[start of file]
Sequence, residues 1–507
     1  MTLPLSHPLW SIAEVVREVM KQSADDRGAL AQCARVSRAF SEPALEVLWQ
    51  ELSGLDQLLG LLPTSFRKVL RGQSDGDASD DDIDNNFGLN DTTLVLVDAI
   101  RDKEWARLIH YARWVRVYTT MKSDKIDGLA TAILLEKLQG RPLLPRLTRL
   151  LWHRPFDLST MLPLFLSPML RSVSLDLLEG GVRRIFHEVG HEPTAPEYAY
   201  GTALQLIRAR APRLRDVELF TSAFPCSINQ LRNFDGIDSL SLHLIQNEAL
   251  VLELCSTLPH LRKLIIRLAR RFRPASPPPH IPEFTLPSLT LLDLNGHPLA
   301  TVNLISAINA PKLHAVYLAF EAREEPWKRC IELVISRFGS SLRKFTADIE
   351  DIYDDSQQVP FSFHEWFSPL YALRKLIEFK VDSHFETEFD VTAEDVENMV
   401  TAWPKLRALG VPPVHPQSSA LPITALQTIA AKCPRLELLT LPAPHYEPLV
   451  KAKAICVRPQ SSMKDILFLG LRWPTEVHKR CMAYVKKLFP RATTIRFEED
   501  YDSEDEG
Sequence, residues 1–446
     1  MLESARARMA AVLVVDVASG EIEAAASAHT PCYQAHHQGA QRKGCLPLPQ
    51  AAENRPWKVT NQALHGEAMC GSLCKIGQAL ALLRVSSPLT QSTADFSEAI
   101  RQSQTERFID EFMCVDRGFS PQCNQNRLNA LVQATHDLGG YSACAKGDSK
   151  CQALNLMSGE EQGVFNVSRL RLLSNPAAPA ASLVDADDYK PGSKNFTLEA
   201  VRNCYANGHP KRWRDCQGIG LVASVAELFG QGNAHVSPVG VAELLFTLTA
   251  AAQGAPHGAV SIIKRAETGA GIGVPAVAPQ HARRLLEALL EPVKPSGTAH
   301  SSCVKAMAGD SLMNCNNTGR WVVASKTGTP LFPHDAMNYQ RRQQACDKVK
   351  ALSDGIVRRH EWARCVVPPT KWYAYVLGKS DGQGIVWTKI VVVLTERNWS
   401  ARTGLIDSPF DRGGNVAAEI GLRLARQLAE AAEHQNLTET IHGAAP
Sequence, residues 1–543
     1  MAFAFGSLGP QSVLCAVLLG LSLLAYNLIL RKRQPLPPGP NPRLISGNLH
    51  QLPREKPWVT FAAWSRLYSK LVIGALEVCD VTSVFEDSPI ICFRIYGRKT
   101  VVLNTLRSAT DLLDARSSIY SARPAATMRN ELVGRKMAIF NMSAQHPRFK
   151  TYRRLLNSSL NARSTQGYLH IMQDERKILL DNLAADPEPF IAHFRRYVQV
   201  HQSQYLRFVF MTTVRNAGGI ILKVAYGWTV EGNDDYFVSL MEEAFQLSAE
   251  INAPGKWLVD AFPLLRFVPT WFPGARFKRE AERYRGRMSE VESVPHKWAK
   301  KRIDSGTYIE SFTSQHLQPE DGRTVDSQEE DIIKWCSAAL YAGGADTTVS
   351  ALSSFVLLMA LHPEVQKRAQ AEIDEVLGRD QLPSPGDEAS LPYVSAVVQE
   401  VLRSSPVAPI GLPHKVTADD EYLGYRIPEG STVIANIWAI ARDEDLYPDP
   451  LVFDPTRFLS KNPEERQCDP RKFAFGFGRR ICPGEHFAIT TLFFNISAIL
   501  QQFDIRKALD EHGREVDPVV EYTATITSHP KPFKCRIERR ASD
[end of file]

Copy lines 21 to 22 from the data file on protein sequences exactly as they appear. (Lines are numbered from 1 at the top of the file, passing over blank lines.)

   351  ALSDGIVRRH EWARCVVPPT KWYAYVLGKS DGQGIVWTKI VVVLTERNWS
   401  ARTGLIDSPF DRGGNVAAEI GLRLARQLAE AAEHQNLTET IHGAAP